The trees swallowed her brother whole, and Jenny was there to see it. Now seventeen, she revisits the woods where Tom was taken, resolving to say good-bye at last. Instead, she's lured into the trees, where she finds strange and dangerous creatures who seem to consider her the threat. Among them is Jack, mercurial and magnetic, with secrets of his own. Determined to find her brother, with or without Jack's help, Jenny struggles to navigate a faerie world where stunning beauty masks some of the most treacherous evils, and she's faced with a choice between salvation or sacrifice--and not just her own.
This book is a beautiful blending of Celtic mythology, Germanic/Norse mythology Shakespeare and Ms. Longs own ideas about how it would all work. With heroines, mysterious fae, and truly evil Queen, this interesting fairy tale is sure to make you question and learn more about the mythologies that built this story. Overall, it was a good book, so lets me share why.
Jenny was an interesting character. At first, I wasn’t sure I liked her. Actually, I was pretty annoyed with her most of the book. She is so blooming innocent, and at 19 it is a little hard for me to take in that anyone could be that innocent after all that she saw as a child when her brother was kidnapped, let alone that she continues to be this innocent after all that happened to her in the Realm. I mean, come on!
Jack was a great character, a doomed hero, or so it seems. His life split in two parts, and you wonder if he is good or bad, or so plain neutral that you can’t peg him. The only thing that you wonder is if he will get his wish, the only wish he ever wishes. The history of the Greenman in comparison to Jack was a great play on Celtic tradition. And as a fan of the Greenman, I truly loved seeing Ms. Long’s ideas play out.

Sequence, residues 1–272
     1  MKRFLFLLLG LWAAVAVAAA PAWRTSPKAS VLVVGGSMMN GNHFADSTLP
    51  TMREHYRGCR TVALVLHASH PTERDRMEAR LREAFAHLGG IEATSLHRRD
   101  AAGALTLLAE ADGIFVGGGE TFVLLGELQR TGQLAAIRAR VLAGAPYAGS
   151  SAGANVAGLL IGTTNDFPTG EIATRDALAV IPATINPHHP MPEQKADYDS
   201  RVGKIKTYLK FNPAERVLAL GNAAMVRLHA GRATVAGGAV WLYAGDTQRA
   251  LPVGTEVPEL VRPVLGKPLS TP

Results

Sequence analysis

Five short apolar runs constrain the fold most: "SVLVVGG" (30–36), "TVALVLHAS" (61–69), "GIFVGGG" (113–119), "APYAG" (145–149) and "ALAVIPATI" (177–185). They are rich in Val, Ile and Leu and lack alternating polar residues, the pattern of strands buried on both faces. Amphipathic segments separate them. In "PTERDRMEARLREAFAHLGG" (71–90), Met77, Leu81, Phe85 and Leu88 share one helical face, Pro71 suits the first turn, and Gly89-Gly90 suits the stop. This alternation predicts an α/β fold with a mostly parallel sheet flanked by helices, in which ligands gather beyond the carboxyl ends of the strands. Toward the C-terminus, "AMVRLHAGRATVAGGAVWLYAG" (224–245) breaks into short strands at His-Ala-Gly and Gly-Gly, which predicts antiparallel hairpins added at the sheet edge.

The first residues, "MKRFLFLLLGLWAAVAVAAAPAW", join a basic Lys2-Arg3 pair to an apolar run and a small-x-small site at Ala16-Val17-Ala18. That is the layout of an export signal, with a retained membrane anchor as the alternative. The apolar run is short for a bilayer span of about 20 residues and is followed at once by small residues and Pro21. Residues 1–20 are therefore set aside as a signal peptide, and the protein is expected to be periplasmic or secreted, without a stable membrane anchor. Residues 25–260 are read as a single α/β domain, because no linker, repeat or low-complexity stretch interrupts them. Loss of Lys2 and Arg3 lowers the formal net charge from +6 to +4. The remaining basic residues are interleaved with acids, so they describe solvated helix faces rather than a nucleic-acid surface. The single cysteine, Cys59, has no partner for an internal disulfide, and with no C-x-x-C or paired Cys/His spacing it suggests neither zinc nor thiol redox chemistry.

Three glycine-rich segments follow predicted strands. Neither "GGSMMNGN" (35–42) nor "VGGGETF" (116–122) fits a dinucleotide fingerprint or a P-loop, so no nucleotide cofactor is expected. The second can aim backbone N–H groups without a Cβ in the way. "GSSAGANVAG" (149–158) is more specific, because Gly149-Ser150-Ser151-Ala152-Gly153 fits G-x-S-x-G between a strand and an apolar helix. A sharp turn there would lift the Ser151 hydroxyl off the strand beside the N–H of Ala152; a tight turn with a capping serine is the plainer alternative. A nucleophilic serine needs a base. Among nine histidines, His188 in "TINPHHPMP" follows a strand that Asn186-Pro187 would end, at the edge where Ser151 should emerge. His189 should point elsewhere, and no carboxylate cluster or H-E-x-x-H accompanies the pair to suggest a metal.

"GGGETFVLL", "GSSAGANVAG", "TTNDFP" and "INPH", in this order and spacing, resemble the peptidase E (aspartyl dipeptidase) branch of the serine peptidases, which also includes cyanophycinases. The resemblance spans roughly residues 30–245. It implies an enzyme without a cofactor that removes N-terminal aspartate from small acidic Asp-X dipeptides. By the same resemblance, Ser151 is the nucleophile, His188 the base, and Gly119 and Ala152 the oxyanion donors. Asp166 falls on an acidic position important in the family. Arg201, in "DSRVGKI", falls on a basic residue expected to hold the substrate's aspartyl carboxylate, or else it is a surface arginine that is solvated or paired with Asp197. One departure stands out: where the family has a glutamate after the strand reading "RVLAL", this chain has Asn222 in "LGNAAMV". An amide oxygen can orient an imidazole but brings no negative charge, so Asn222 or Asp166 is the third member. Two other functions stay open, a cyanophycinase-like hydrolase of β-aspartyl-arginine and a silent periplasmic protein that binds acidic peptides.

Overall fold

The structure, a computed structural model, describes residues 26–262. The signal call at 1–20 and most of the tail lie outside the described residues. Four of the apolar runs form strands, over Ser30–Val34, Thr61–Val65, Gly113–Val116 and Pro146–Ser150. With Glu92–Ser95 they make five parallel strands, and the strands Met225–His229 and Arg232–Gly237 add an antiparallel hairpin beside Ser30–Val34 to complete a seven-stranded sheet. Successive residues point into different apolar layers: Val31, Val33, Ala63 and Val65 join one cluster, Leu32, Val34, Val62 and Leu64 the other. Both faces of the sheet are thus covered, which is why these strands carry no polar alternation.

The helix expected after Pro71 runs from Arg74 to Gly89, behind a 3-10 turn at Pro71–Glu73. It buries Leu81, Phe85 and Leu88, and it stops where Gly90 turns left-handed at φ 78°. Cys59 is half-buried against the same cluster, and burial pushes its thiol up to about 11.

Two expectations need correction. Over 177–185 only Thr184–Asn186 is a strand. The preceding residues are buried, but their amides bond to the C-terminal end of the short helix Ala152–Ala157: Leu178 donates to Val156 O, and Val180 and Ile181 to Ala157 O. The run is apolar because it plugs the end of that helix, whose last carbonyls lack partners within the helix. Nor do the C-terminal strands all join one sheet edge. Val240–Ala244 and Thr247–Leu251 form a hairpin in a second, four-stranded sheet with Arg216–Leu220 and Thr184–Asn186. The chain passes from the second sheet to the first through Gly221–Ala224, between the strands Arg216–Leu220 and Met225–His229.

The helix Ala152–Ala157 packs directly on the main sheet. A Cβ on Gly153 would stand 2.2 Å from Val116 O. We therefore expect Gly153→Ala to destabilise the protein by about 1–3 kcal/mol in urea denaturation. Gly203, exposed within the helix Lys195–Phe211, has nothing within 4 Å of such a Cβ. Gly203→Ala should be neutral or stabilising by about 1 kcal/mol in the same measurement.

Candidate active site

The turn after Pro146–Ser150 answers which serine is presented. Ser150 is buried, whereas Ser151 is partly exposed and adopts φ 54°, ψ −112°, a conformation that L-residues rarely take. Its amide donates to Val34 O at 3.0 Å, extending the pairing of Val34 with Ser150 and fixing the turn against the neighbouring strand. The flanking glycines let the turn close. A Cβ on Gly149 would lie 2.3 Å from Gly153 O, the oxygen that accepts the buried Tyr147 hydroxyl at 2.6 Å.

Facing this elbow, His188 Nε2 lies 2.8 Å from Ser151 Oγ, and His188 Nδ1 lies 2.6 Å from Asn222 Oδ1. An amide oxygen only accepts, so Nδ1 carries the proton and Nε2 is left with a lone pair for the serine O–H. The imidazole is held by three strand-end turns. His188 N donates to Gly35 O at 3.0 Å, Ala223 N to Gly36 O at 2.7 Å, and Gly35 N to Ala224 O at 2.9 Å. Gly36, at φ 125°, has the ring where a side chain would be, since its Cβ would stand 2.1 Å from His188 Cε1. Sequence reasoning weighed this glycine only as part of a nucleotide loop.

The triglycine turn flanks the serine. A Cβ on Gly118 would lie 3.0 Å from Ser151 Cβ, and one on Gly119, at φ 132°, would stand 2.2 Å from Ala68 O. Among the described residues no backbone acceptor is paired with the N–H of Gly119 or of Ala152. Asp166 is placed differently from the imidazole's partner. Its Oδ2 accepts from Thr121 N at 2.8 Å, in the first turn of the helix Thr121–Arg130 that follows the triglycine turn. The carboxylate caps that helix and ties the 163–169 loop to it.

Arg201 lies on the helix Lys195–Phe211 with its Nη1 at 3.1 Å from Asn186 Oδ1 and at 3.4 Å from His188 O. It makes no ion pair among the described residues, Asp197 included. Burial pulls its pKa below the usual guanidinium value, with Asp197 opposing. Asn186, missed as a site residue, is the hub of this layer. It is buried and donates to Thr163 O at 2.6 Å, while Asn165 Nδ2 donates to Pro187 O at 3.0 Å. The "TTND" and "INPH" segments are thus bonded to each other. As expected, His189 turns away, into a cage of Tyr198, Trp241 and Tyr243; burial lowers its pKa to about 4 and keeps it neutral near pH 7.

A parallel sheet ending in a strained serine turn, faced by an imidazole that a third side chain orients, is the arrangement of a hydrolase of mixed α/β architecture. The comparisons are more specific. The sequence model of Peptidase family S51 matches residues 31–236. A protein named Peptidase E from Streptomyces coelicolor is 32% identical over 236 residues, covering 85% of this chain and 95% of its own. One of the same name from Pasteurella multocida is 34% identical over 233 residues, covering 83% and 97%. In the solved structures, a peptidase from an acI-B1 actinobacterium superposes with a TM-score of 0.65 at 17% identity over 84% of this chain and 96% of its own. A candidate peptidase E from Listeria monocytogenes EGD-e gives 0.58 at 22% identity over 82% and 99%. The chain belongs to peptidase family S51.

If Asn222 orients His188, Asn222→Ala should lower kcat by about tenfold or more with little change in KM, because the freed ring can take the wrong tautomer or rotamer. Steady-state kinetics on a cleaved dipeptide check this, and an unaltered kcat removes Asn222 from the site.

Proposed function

I loved the ending. It was a little bit predictable, but I absolutely loved it. It gave a beautiful ending to a good book.
Now, not everything was perfect. It was a little hard sometimes to get when she is switching mythologies. In the Realm, it is all primarily Celtic mythology, with the spattering of Shakespeare, but suddenly in the Realm, she will use a term that is from the Germanic mythology. And when she switches to a primarily Germanic mythology it catches you off guard. Her explanation in the book that it was a different place, different magic didn’t give you a heads up about the change, and for a little bit I was thinking “What?” On top of that, a lot of the split between mythologies become a division of “good” and “bad”, and even that is debatable.
Overall, this is a good book, and I did enjoy it. I recommend this for anyone, at any age.